2006 Mahatma Gandhi Fellow
Felton Earls is Professor of Human Behavior and Development at the Harvard School of Public Health and Professor of Social Medicine, Harvard Medical School. With colleagues Robert Sampson, Stephen Raudenbush and Jeanne Brooks-Gunn, he spent 10 years on The Project on Human Development in Chicago Neighborhoods, a major, interdisciplinary study aimed at deepening society's understanding of the causes and pathways of juvenile delinquency, adult crime, mental disorder, and violence. It was directed from the Harvard School of Public Health and Harvard Medical School, and funded by the John D. and Catherine T. MacArthur Foundation, the National Institute of Justice, the National Institute of Mental Health, the U.S. Department of Education, and the Administration for Children, Youth and Families. Earls, Sampson and Raudenbush discovered that the key to reducing crime goes beyond the popular "broken window" theory of crime reduction: Neighborhoods successfully manage bad conditions when the residents themselves take initiative to improve their surroundings and take actions for each other's benefit. He is currently applying knowledge derived from the Chicago experience in a new study on the prevention of HIV/AIDS in Tanzania. His new work is designed to create community-based interventions to prevent institutionalization, homelessness, and traumatic experiences for young people in the context of HIV/AIDs.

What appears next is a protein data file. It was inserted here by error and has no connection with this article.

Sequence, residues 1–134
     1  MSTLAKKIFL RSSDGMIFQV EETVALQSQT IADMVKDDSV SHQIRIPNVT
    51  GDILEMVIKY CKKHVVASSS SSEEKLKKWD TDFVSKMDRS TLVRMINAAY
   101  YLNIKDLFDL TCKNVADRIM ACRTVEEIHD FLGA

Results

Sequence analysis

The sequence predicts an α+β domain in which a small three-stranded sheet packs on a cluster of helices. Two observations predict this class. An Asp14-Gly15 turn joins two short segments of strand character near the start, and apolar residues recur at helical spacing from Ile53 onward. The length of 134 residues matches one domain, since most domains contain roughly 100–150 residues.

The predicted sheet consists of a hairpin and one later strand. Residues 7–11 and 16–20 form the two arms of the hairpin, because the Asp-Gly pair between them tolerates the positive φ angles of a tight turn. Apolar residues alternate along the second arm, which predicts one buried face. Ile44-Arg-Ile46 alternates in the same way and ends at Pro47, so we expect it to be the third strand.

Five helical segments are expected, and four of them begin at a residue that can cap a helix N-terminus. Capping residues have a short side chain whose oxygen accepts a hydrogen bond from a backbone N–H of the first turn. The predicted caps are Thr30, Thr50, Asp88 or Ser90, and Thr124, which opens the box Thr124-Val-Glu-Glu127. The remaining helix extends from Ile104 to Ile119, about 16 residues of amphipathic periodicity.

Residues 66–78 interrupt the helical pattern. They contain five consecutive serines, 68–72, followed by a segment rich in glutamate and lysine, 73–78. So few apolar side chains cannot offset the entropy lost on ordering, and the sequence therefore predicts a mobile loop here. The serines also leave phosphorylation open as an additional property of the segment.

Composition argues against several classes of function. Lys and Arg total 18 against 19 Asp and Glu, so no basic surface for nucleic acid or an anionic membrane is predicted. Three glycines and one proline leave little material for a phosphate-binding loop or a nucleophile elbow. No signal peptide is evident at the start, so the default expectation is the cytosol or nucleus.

Earls is a member of the Committee for Human Rights at the National Academy for Sciences, and The Institute of Medicine at the National Academy of Sciences. He serves on the Board of Directors of Physicians for Human Rights, he is a Fellow of the American Academy of Arts and Sciences and he is a board member of Physicians for Human Rights. He heads Harvard's South Africa Fellowship Program. Dr. Earls' publication record includes studies on behavioral problems in preschool children, mental health of children of alcoholic parents, risk factors for violence and HIV infection in adolescents and young adults, and international aspects of child and adolescent mental health. In addition to numerous articles on child rights, his most recent books include: Firearm Violence Exposure and Serious Violent Behavior (2005); The Social Ecology of Child Health and Well-being (with Mary Carlson, 2001); Neighborhoods and Violent Crime: A Multilevel Study of Collective Efficacy (with Robert Sampson and Stephen Raudenbush, 1997); Breaking the Cycle: Predicting and Preventing Crime (with Albert J. Reiss, Jr., 1994); and Critical Health Issues for Children and Youth (1994).